Sunday, November 7, 2010

One less rooster to crow in South Africa

One less rooster to crow in South Africa

This is mamma hen and she had eighteen chicks initially. EIGHTEEN. She introduced me to her new brood about three days ago. And every day, her brood decreases a bit: from eighteen, down to twelve, and now at ten.

I’m sure her species is one of those whose newborns encounter all sorts of peril, hence the great numbers at hatching, so hopefully a few survive.

It was apparent right off the bat that some were doomed to fail. There were about four chicks that couldn’t keep up with mom and their siblings. They would lag really far behind and somewhat squat in the dust and squawk. At seeing them struggle, my heart would feel a tender pang for them and hope their end would be quick merciful. I also noticed my previous fondness for the mongeese that roam the area where I’m living waning, as they’re sure to brunch heartily on the young chicks. (We have the yellow mongoose on campus, and they’re very abundant. I like having them about because they’re fun to watch: they’re like little foxes but stand up on their hind legs like meerkats and they’re supposedly wonder animals at keeping the snake population at bay. Remember Rikki Tikki Tavi from the Jungle Book?)

So, yesterday I notice one of these little doomed peepers, over in the shade, flailing and peeping like mad, calling for some kind of attention from his mother. Mom and her brood would sometimes wander over that way, and she would simply ignore the little guy and his siblings would trample right over him. Then they would amble away and abandon him. I watched him peep in desperation throughout the day and caught myself condemning the mother hen, thinking, “Would you come feed him? Or peck him to death? Or something?” My heart would break a bit more with each passing minute. I would take walks, hoping he would expire before I returned. I wondered if I could rally enough to go squash him or in some other way quickly but mercifully dispatch him. I couldn’t.

A bit of background on me and my tender-heartedness concerning animals and pets: I’ve had pets and love them and they can enhance my life very much. However, and especially after attempting to raise children, I find caring for another being simply too much to bear. I often think I can barely take care of myself, let alone another living being. Also, I have severe maternal guilt in believing I did a terrible job parenting my sons. I think this guilt interferes in my “mothering” or “nurturing” another creature: I think I feel too guilty to love an animal in that way.

So, the night was falling, the chick was peeping, mom was nowhere to be found, and I could stand it no longer. Perhaps inspired by thoughts of my paternal grandmother (she saved a fledgling bird or two in her day) I walked over, scooped him up and brought him home. I placed him in a box with a blankey and set about figuring out how to feed him. I immediately thought of feeding him warm milk with an eye dropper. (Much later, it would occur to me how ridiculous it is to feed a BIRD milk from a MAMMAL.) Of course, I live in rural South Africa, and don’t have an eye dropper with me. (Although there may be one in our Peace Corps medical kit, now that I think of it… Oh well, too late…) I improvised by unscrewing a ball-point pen and using the pointy end to feed and my thumb over the opening to control suction.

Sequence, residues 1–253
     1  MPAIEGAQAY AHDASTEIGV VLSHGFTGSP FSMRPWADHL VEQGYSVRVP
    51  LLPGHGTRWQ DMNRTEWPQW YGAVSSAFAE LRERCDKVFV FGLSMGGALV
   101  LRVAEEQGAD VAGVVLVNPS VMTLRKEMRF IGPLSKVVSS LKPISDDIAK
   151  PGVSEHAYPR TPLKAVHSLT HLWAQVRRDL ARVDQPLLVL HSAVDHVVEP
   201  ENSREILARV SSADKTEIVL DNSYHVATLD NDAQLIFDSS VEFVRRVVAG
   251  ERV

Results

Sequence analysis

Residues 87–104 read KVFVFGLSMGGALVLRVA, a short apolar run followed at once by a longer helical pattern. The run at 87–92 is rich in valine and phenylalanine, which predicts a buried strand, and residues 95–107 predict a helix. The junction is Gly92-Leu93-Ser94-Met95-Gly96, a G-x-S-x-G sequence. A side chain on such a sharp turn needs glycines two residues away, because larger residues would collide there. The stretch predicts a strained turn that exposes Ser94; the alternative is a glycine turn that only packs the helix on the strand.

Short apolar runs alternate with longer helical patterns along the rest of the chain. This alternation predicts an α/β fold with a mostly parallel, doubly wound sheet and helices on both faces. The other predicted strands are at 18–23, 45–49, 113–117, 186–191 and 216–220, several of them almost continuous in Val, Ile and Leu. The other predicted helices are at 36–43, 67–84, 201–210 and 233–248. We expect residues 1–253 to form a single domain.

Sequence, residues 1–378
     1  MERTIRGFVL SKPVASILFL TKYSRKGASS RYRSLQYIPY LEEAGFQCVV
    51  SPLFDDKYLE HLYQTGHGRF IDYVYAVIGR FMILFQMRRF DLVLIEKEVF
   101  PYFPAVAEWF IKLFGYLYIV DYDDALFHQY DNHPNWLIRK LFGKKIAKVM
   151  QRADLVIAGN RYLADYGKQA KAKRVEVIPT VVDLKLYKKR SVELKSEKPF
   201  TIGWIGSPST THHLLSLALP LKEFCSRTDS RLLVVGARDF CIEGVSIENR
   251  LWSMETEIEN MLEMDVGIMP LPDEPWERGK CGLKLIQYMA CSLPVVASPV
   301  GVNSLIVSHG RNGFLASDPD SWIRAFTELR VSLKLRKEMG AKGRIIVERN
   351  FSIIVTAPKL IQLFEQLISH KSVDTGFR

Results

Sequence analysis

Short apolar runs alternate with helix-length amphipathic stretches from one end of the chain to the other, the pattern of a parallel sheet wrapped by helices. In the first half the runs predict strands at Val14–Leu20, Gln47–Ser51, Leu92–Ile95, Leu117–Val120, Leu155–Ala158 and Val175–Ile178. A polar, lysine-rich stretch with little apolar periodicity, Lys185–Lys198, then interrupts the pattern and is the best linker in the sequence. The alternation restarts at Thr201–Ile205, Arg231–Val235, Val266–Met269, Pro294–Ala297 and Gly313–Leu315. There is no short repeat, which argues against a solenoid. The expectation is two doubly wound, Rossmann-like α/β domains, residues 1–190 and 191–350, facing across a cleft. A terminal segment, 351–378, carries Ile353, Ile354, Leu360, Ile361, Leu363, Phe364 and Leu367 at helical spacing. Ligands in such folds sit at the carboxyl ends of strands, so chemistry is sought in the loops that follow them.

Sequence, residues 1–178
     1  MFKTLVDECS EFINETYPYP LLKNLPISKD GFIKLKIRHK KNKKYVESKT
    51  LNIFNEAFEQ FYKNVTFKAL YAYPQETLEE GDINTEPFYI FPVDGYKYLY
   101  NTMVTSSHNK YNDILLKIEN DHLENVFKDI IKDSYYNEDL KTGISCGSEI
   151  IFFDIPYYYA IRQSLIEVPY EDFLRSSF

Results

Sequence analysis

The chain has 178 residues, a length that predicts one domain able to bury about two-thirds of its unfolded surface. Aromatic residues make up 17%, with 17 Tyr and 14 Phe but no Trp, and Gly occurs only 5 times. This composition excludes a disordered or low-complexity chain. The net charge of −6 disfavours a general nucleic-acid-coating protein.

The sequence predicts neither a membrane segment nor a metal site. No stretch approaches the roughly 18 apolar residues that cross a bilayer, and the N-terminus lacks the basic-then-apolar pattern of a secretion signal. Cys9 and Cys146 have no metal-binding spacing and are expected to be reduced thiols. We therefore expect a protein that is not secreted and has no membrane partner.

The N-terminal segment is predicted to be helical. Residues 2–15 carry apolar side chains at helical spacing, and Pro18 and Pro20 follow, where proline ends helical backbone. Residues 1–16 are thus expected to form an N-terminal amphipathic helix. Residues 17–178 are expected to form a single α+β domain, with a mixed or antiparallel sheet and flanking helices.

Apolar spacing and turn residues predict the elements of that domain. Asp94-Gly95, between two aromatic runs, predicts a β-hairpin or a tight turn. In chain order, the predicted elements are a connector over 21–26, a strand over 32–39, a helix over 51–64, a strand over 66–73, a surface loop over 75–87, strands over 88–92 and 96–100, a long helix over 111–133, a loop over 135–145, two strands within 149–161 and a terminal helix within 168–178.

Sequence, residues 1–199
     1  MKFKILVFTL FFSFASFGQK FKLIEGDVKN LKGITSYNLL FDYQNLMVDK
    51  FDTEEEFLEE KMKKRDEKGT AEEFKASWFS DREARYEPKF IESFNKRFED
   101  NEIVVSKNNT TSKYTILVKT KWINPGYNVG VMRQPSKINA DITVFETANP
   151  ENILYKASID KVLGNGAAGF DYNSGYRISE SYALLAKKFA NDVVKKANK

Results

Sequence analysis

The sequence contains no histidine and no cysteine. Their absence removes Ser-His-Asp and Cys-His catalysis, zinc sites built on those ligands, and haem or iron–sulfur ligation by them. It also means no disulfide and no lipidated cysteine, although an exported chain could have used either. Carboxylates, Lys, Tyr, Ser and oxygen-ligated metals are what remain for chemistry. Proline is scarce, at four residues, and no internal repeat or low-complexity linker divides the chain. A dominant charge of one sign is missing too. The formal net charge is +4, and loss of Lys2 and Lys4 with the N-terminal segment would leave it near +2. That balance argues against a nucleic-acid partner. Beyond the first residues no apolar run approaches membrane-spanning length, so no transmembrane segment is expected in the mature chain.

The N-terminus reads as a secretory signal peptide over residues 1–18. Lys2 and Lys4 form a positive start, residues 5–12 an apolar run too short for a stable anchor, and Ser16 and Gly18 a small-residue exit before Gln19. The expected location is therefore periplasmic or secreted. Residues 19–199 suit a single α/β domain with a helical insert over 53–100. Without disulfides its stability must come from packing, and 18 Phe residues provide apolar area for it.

Poor little guy. Here he was, absolutely abandoned and traumatized all day, and now a ginormous WOMAN force feeding him milk! Heavens! I remember watching the parent bulbuls feeding their fledgling: they would force huge chunks of apple down the poor baby’s throat, although the fledgling didn’t seem to mind. I wasn’t quite as forceful with this tiny chick as that, but it was a bit of a hardship to dribble the milk down the little guy’s throat. I worried more about drowning the poor chick than anything.

I fooled with him for a couple of hours. I would try to feed him until we both became exhausted, then I would wipe him as best I could (because I worried too, he would become cold from being drenched in the milk) and set his box in the dark so he would rest. I sang to him a bit. At one point, I had a “eureka!” moment and looked up “how to care for a sick chick” on-line. Rightly so, it recommends feeding it a wet mash of corn, the meal ground up really well. (Mealie meal, anyone?). I left my computer, happy at the suggestion of a more appropriate food to try and reached for my sack of mealie meal, but it was too late. The poor little guy had expired.

I don’t know if my last few hours with him were more comforting for him or more terrifying (and painful!). In a way, I felt relieved he died, knowing it was for the best. I don’t have time to “parent” a fledgling chick and provide around-the-clock feedings (How would I explain this to my schools?) I would have fallen in love with the blasted thing and wanted to bring him home. I’m told Peace Corps volunteers do take South African dogs and cats as pets during their service, and then experience an arduous and expensive process to return the pets to the States… Somehow, I don’t think a chicken would “fly” as a pet appropriate for crossing borders and seas.

Ah, so in South Africa, I experience, yet another, defeat. Another parenting defeat…




  1. How did you know that it was a rooster? B

  2. Hey B!

    So good to see you on my blog!

    I always assume that any creature is male, for some reason… Sexism? Mother of sons? Oh well, I figured I had 50-50% chance he was male… And we are all familiar with the rooster serenade in SA!!

    Momma is down to seven chicks now, btw… :-(